Amid the jumble of e-mail messages, Word and Excel documents, graphics files,and Web pages lies an important truth. "Unless you have systems in place tomanage information, you’re at the mercy of it," says Louise Wannier,chairman and CEO of EnfishTechnology, Inc., a company thatproduces desktop portal software to index hard drives and manage electronicinformation. "There’s a fundamental problem: the computer doesn’t workthe way people think."
She aptly points out that today’s PCs are task-oriented devices that centeron specific activities like e-mail, word processing, or presentation graphics.Yet people’s minds focus on names, companies, and subjects that cross theboundary of applications and files. What’s more, the line between a PC andnetwork computing, including the Internet, continues to blur. "Essentially,information is information, and people don’t care where it resides, they justwant to find it when they need it," Wannier adds.
The solution, of course, is to devise systems and strategies for navigatingthrough the Information Age. As hard drives and databases collect moreinformation, and as the size and scope of the Internet expand exponentially, theneed for more sophisticated solutions grows. Suffice it to say that no matterhow proficient you are at creating folders and directories, it’s impossible tofind scraps, tidbits, and pieces of relevant data using a file-cabinet approachto the virtual world.
What’s more, manually clicking through folders in search of a white paper,employee letter, or report that you wrote sometime in the past is time-consumingand extremely inefficient. As anyone who has ever used a PC knows, the built-insearch capabilities of the Windows operating system are woefully inadequate. It’slike using a slingshot to battle a nuclear superpower.
Over the last few years, a slew of new tools has emerged to slay theinformation dragon. Companies are increasingly turning to business intelligence,knowledge management, enterprise information portals, and other solutions tomake sense of things. Some of these tools create searchable indexes on astand-alone PC or across a network. An early entry in this space was AltaVistaDiscovery, which displays resultsusing the same methods as the popular Internet search engine. Another program, Zoot,offers a free-form way to manage and cross-index all the information thatresides on a computer. But perhaps the most powerful tool of all is Enfish’sOnespace, which finds, analyzes, and cross-references information in a dazzlingnumber of ways.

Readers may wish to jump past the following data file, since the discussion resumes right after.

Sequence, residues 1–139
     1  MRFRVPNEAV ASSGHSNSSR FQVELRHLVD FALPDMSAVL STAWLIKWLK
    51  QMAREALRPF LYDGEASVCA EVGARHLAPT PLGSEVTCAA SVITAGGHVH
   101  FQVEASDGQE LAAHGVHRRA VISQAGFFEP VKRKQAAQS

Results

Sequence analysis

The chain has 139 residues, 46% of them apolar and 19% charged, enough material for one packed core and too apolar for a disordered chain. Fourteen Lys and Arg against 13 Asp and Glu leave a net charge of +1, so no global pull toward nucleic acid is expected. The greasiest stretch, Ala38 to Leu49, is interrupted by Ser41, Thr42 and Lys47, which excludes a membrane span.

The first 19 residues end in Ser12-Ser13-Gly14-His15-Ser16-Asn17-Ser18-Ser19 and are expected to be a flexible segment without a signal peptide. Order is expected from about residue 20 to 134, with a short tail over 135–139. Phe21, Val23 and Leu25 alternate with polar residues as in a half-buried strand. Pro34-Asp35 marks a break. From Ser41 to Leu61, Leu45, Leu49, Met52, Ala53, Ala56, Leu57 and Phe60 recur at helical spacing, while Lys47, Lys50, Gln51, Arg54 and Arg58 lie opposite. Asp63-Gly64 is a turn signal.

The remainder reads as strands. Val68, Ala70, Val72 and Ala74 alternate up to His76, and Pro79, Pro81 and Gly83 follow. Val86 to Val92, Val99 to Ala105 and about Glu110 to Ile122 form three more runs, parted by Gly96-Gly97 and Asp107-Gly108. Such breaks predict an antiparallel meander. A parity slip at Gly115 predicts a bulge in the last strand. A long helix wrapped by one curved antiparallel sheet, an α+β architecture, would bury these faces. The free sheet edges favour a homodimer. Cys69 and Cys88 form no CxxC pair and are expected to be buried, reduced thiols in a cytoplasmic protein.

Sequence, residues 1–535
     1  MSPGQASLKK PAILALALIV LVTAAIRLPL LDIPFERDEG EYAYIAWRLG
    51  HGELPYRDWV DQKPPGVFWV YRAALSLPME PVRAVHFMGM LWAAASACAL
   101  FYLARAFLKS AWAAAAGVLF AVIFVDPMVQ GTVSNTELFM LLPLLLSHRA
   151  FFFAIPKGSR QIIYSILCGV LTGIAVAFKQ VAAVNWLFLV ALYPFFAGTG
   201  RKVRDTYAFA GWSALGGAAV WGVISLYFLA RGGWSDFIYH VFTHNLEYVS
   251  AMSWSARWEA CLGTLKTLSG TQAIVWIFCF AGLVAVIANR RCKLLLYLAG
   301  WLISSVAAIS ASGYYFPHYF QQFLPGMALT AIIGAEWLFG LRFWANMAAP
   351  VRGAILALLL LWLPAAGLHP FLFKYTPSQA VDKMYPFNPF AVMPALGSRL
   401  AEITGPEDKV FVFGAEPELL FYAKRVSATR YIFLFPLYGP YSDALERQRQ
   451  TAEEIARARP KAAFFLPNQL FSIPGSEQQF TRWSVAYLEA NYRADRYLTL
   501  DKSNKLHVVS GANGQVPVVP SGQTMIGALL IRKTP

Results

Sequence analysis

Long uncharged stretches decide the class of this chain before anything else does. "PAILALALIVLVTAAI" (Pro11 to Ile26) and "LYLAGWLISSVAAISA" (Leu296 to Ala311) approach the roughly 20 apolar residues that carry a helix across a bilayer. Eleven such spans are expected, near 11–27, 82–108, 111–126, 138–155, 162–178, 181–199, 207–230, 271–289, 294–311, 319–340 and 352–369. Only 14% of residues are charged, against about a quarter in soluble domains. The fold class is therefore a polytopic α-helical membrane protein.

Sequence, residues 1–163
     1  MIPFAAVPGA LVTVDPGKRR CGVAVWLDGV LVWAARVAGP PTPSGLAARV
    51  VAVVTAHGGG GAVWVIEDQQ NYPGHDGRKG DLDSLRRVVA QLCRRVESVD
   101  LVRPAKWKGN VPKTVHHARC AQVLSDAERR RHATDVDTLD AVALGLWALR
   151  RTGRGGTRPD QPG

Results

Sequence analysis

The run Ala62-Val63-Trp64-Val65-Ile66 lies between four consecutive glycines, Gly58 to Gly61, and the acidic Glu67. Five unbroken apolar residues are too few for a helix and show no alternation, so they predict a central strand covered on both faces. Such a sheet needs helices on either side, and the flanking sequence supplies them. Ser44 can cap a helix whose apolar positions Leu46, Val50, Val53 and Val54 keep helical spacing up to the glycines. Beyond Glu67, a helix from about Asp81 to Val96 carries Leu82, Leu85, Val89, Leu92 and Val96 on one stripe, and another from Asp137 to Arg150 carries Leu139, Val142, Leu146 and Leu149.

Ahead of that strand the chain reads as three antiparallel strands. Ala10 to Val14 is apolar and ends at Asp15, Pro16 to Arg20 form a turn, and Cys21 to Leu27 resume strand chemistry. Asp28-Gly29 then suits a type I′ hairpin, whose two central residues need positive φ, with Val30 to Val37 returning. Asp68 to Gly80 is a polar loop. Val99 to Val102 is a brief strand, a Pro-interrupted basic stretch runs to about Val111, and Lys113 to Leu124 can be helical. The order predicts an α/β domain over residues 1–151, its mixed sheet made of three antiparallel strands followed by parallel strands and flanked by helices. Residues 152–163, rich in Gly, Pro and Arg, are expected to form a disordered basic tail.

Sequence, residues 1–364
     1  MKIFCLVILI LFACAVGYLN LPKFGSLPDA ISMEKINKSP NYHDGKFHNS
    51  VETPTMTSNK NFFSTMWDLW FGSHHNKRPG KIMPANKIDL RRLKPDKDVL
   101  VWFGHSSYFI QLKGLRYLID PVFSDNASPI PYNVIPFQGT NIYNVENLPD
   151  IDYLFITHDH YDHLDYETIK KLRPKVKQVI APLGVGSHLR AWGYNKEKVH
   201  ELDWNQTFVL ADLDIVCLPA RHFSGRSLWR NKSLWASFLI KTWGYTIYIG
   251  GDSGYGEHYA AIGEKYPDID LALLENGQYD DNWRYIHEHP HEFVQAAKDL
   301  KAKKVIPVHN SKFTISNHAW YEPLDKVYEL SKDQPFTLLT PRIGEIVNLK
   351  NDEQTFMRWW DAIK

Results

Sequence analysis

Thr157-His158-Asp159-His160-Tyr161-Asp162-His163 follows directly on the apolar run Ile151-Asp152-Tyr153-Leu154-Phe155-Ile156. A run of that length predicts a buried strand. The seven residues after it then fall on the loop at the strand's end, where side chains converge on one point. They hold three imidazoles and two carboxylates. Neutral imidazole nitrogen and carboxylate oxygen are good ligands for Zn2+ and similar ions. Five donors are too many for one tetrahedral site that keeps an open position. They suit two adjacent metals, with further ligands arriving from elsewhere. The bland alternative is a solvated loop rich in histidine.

What makes Onespace so effective is that it spots relationships among variouspieces of data. For example, if you’re looking for information about aparticular person, you can select the individual’s name and then view all therelated documents, including
e-mail messages, Word and PowerPoint files, calendar items, notes, and more.The program can also mine data relating to the person’s company oraffiliations, and it automatically uncovers articles and other material on theInternet. Similarly, it’s possible to search by company or topic and view dataand information that’s squirreled away on your system or beyond.
All this can create order in an increasingly chaotic data universe. BarryDeutsch, a recruiter at PowerHiring.com, no longer has to manually hunt and peckfor e-mail and background information on candidates, companies, and more. Withupwards of 250
e-mails streaming in daily and thousands of résumés on file at any giventime -- some in Word, others in text format -- it’s "essential to sliceand dice data among a wide variety of formats," he says. "Sometimes, Ineed to view the history of a transaction or a communication and I need thetools to make the process quick and seamless. In the past, too much data fellthrough the cracks."
Now, Deutsch can pull up relevant information instantly. No callbacks. Noplaying phone-tag. No hour-long search through his 8-gigabyte hard drive orthrough hundreds of Zip disks containing archived e-mail, Act! and Goldminerecords, and Access database files. What’s more, he can search throughdownloaded Web pages about companies and topics to find the information heneeds, when he needs it. Built-in viewers allow him to read the files withoutopening the native programs. "It has made me more effective and automatedthe entire information management and retrieval process," he notes.